After Aerogate, Vista’s Aero partially returns for Windows 10

Windows 10 build 10125, featuring touches of the dark Windows Vista Aero glass on the Start menu and the notification center.
Windows 10 build 10125, featuring touches of the dark Windows Vista Aero Glass on the Start menu and the notification center.

When Vista debuted, one of the first things people noticed was the beautiful user interface, assuming they had a graphics adapter capable of rendering it. Glass windows, a frosted glass Start menu and taskbar, insanely huge and detailed icons, Flip 3D, and several other enhancements. All of these made the move to Windows 7, sans the black Start menu and taskbar, which changed to a basic glass style.

However, Windows 8, which retained the technology behind this UI, dumped the glassy windows but kept the icons and taskbar, presenting a jarring mixture of 2006 and 2012. The UI was largely flattened, while retaining many Vista elements on the desktop. This was the beginning of what I call Aerogate, with users of the new OS upset that it didn’t look like Windows 7.

With Windows 10, beta testers and tech media have been clamoring for Aero Glass to fully return, with Windows 7 often cited as the prefered appearance, and Microsoft has taken note. But rather than looking to Windows 7, Microsoft has reached back to Windows Vista for the color of the taskbar, Start menu, and the notification center.

Several of the new icons which had originally been seen in early builds have now been replaced with updated Windows Vista icons, with a few notable exceptions. Ironically, the current Recycle Bin icon debuted on Earth Day to much fanfare. The faux outrage over the icons which arrived in early Windows 10 builds was what I refer to as Icongate, which has now been largely resolved.

Even with these concessions, I think it is safe to assume that Aero Glass will not resurrected in full, and I’d even argue that Aero Glass would look awful alongside the Metro Design Language. Kudos to Microsoft for finding the middle ground.

After Aerogate, Vista’s Aero partially returns for Windows 10

Spartan arrives in latest Windows 10 build, with Cortana hitching a ride.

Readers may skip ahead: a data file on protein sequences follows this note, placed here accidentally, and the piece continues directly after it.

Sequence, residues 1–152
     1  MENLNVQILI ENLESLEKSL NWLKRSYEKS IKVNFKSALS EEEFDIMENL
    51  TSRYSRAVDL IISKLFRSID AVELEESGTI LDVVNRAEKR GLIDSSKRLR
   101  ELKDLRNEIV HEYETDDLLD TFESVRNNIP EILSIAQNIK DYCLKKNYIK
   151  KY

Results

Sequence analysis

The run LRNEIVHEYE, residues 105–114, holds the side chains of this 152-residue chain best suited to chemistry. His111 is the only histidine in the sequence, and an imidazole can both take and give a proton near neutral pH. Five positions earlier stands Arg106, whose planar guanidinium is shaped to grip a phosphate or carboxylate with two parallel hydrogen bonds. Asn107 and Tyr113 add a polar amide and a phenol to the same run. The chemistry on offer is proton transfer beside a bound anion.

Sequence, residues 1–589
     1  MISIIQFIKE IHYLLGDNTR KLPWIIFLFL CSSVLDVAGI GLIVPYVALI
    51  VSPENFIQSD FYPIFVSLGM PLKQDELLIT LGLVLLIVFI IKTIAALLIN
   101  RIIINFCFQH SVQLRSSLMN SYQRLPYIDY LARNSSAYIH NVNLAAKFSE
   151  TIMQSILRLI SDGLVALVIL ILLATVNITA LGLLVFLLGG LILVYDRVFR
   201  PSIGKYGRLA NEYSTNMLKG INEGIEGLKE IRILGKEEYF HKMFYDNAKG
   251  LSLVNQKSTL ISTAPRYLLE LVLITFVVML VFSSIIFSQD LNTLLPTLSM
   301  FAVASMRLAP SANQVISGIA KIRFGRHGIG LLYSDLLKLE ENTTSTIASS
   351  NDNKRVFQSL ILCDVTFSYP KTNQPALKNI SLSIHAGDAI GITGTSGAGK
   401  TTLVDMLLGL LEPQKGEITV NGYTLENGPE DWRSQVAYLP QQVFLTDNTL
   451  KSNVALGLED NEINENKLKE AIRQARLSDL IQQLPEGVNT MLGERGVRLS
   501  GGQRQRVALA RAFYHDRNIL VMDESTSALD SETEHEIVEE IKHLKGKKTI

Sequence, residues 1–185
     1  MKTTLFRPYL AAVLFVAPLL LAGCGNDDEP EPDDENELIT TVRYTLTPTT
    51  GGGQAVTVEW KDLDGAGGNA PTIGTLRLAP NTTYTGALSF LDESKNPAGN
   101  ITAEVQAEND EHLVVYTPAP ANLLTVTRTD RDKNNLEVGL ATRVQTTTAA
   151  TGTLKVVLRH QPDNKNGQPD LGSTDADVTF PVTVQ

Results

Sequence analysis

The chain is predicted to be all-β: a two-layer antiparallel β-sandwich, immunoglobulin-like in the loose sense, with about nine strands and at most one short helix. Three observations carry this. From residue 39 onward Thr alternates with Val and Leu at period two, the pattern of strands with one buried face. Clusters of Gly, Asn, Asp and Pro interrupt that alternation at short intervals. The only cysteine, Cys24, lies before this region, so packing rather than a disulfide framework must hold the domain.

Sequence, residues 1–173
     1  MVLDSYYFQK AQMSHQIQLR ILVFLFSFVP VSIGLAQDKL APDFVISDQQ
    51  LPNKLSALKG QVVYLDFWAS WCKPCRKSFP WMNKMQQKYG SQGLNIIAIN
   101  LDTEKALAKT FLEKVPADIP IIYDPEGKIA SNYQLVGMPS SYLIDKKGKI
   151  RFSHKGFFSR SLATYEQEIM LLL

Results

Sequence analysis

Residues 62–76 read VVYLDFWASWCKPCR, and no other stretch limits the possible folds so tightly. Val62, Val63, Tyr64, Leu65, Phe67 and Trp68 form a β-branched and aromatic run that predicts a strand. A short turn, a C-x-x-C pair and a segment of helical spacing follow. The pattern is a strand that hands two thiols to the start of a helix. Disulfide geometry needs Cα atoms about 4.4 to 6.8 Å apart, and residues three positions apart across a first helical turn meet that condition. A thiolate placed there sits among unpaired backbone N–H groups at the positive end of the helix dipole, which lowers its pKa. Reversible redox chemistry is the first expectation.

Cortana leaps forth on Project Spartan.
Cortana leaps forth on Project Spartan.

A new Windows 10 build has landed for Windows Insiders who are in the Fast ring, keeping Microsoft’s promise of a much more rapid build release cycle. Not much has changed, but there have been bug fixes, a revamped Calculator, and a new browser.

A new Calculator app is included in the latest build, and it keeps a history of your calculations.
A new Calculator app is included in the latest build, and it keeps a history of your calculations.

The new browser is currently called Project Spartan, continuing Microsoft’s trend of using Halo codenames for new products, such as Threshold, and Cortana. An official name for the browser has not yet been decided, but it will have “Microsoft” somewhere in the name.

This version of Project Spartan is far from complete, with many features still missing or only partially implemented, but I took it for a spin anyway, on a tablet and on a desktop too.

The UI is minimalist, with the tabs residing on the application bar rather than below it, which provides a larger viewing area over existing browsers. The browser is a Windows App (e.g. Metro or Modern), enabling more flexibility for the UI than traditional Win32 apps. Windows Apps are being updated to support drag and drop and other more traditional features, so any awkwardness which was present in Windows 8 should be ironed out by RTM.

Cortana is present as well. Typing search phrases into the address bar invokes Cortana and she will provide an answer without needing to venture out to a search engine or another site.

Reading view in Project Spartan, with the Actions menu invoked.
Reading view in Project Spartan, with the Actions menu invoked.

Reading mode is a nice touch, something which Chrome lacks, and provides more options than Internet Explorer does on Windows 8.x. The Actions menu is to the point, with no confusing or pointless options crowding it.

Google Chrome and Microsoft's Project Spartan displaying results on the HTML5 test.
Google Chrome and Microsoft’s Project Spartan displaying results on the HTML5 test.

Performance of the app over all is a little sluggish, but that’s understandable, as this is more of an alpha than a beta. On touch, it lagged a lot, but such lag was not as noticeable with a mouse and keyboard.

I have not encountered any broken websites with Spartan, but rendering takes a little longer than on Chrome, likely because I have an ad blocker installed on Chrome, which helps with loading times.

On the HTML5 test, Chrome scores 523, while Spartan comes in with 375. Not show stopping, but definitely something Microsoft will continue to work on.

Over all, I feel it’s a solid start, and I look forward to seeing further builds of Project Spartan.

Spartan arrives in latest Windows 10 build, with Cortana hitching a ride.

Native NFC wallet arriving with Windows 10? A beta app exists, so maybe.

A slide showing how tap to pay will function on Windows 10 phones.
A slide showing how tap to pay will function on Windows 10 phones.

A recent story revealed that Windows 10 on phones will be receiving an overhaul for NFC transactions. The Secure Element in SIM cards from some carriers will continue to be supported, but users will no longer be forced to use such a SIM in order to use NFC payment terminals.